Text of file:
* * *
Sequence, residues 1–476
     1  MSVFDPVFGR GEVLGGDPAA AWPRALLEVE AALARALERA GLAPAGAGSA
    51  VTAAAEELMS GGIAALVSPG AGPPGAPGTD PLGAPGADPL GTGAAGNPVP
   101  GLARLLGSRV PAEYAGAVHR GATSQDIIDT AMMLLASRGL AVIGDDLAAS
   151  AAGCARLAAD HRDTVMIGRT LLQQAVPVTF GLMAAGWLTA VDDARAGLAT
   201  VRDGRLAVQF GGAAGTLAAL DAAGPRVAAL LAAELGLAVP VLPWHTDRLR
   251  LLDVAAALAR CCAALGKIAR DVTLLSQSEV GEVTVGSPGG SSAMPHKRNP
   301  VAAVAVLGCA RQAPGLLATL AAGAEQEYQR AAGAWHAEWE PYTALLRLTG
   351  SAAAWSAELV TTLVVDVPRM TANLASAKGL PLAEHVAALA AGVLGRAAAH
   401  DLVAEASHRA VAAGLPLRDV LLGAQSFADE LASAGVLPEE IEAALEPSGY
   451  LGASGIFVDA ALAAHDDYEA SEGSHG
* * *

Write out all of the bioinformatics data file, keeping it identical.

Sequence, residues 1–476
     1  MSVFDPVFGR GEVLGGDPAA AWPRALLEVE AALARALERA GLAPAGAGSA
    51  VTAAAEELMS GGIAALVSPG AGPPGAPGTD PLGAPGADPL GTGAAGNPVP
   101  GLARLLGSRV PAEYAGAVHR GATSQDIIDT AMMLLASRGL AVIGDDLAAS
   151  AAGCARLAAD HRDTVMIGRT LLQQAVPVTF GLMAAGWLTA VDDARAGLAT
   201  VRDGRLAVQF GGAAGTLAAL DAAGPRVAAL LAAELGLAVP VLPWHTDRLR
   251  LLDVAAALAR CCAALGKIAR DVTLLSQSEV GEVTVGSPGG SSAMPHKRNP
   301  VAAVAVLGCA RQAPGLLATL AAGAEQEYQR AAGAWHAEWE PYTALLRLTG
   351  SAAAWSAELV TTLVVDVPRM TANLASAKGL PLAEHVAALA AGVLGRAAAH
   401  DLVAEASHRA VAAGLPLRDV LLGAQSFADE LASAGVLPEE IEAALEPSGY
   451  LGASGIFVDA ALAAHDDYEA SEGSHG